When looking at Ex Machina beforehand, there are at least a couple of things that appeared to be guaranteed. One is the fact that there would be a huge budget behind it, the other is that there’s obvious potential for quite the cinematic experience for anyone who fancies themselves intellectuals.
The story in Ex Machina features two intellectuals looking for more than what mankind has ever known in life. After a computer coder named Caleb Smith (Domhnall Gleeson) wins a contest, he’s whisked off to the estate of Nathan Bateman (Oscar Isaac), his tech mogul boss who is looking beyond what we know as humans. When he arrives, Caleb realizes he’s in store for something that he couldn’t have ever imagined after everything is explained to him.
What Nathan reveals to him turns out to be what will definitely produce one of the greatest moments in history. Not only that, but he’s being asked to take part of it. For the young programmer, his role in this event will be as the human component in a Turing Test with an earth shattering A.I. Nathan created called Ava (Alicia Vikander). Smith’s job in the experiment is to evaluate this artificial intelligence and see just how much of a consciousness she has. That’s clear on the surface, but what’s discovered could be far more dangerous.
Ex Machina opens up with a sense of wonder that is easy to get into. Once Gleeson’s Caleb Smith lands onto this island like property of Oscar Isaac’s Nathan, you may find yourself being taken in by the lovely environment that’s as nice to look at as one would hope. This is a place where you would take a romantic vacation or go on a honeymoon. It’s a nice, clean utopia with a safe and comfortable essence that goes from the outside all the way to the darkest corners of the actual home.
Once inside of these secluded walls inhabited by the highly intelligent mogul, the audience is soon introduced to the story featuring the two intelligent men on a voyage to create the most intelligent A.I. the world has ever known. This aspect of the film is imperative to everything that we’re asked to watch, and it’s not hard to pay attention to. The style of this picture is painted in a way that makes you want to focus on what’s being dished out since it’s easy to become fixated on what’s taking place and how everything is going to unfold.
At this point, things are clearly on the positive end of the spectrum for us as viewers, but unfortunately, the rest of Ex Machina is simply unable to keep those vibes flowing it that direction. Instead of rewarding us and itself with something that could maintain that profound level of suspense and wonder, what follows is a piece of cinema that’s far too slow and regrettably conventional. After sitting there for a while, you’ll start to realize that not a whole lot is happening and the intelligent vibrations given off by its characters are nothing more than superficial banter.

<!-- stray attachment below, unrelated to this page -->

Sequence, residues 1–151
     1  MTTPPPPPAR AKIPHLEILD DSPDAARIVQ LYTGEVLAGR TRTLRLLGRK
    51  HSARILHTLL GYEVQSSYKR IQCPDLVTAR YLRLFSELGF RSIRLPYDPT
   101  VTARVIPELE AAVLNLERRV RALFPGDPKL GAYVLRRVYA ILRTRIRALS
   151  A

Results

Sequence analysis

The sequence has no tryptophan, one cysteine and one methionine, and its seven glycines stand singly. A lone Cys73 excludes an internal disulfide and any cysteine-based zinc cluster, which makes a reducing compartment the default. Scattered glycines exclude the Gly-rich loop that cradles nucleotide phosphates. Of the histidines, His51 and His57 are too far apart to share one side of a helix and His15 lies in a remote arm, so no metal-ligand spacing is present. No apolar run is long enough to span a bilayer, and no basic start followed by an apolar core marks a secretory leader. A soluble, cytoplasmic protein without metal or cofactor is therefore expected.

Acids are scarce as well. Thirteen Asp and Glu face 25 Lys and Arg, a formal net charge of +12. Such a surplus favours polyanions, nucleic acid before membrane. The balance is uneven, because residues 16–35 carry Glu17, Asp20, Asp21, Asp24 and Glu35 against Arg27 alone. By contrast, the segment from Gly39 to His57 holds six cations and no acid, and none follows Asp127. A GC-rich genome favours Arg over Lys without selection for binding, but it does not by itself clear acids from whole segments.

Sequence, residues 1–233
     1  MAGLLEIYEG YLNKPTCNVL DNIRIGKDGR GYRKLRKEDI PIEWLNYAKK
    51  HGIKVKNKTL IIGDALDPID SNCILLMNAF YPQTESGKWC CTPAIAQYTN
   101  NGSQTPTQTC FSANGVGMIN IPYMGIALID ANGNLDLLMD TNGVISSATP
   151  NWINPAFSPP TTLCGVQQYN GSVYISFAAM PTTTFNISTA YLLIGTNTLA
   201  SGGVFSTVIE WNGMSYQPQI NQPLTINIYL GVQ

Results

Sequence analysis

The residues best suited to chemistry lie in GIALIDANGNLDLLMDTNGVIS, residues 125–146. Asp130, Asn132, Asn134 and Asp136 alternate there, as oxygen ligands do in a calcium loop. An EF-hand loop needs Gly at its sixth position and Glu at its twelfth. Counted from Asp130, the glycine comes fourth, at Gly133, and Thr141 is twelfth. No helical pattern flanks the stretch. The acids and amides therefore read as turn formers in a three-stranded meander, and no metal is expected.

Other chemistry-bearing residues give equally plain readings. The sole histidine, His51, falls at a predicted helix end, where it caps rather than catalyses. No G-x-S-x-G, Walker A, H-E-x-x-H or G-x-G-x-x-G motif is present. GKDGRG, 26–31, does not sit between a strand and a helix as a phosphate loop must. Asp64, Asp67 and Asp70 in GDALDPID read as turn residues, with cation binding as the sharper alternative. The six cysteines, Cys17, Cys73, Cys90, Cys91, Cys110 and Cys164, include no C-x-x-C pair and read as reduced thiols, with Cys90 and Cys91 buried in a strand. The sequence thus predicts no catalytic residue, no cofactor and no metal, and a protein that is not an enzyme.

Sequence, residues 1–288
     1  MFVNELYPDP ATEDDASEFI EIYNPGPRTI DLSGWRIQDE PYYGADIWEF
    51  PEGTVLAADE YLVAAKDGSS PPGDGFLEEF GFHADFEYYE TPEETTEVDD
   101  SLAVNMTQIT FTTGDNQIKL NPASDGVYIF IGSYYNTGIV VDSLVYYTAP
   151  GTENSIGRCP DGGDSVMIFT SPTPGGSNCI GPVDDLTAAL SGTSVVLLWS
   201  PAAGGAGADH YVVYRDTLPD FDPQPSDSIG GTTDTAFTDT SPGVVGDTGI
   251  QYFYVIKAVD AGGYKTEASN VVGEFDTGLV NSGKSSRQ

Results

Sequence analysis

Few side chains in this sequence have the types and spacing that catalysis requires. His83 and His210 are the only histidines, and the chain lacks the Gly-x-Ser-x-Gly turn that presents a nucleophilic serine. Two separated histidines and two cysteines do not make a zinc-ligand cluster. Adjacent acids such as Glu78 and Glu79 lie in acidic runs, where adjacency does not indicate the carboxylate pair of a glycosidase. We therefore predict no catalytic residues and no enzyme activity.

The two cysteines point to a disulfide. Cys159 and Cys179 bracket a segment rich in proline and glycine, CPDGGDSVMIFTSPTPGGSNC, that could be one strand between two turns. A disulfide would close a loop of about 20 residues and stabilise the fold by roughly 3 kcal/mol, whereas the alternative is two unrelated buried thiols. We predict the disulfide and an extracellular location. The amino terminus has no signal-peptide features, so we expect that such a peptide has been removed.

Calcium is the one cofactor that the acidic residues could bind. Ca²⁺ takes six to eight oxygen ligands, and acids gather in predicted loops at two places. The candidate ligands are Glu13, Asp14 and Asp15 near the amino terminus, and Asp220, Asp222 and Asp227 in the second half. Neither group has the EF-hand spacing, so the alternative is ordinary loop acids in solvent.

Once the sense of wonder withers away after everything is explained in the first act, you really begin to feel the lack of quality. Aside from it being to slow, you will also soon realize that it’s as predictable as you were hoping it wouldn’t be. Based on the ideas it has, that should never be an issue for a film like Ex Machina, but instead of giving us something new or fresh, Alex Garland falls back on the tried and true aspects of cinema that many have grown tired of long ago.
This formulaic feature turns out to be far too easy to predict about one third of the way through its run time. It got to the point where all of the supposed surprises that are in store for us are able to be spotted way before they are actually revealed to us. With a movie that’s supposed to be cerebral, that should never occur.
Another issue that I have with Ex Machina comes from the eventual need for the very intelligent people in this film to be dumber than the average dumb person when the story calls for it. This is a somewhat common flaw that makes it seem as if someone didn’t have the ability to make the elements of what’s taken place work together. Instead of finding a way to make sense, you dumb down the geniuses in a way that wouldn’t possibly be possible.
With all of the complaining that I do in this review, you might think that I hate Ex Machina, but that’s not true. Thanks to some of the early scenes and the acting (especially Oscar Isaac), this isn’t a complete waste. I just wish that Alex Garland was able to offer up more than what we get here. The actors did their part, but I can’t say that he did his as well I he should have. He had a ton of ideas, but he isn’t able to do as much as he should have with them.
Director: Alex Garland
Film Length: 110 minutes
April 10, 2015 (Limited)
April 24, 2015 (Wide)
Distributor: A24 Films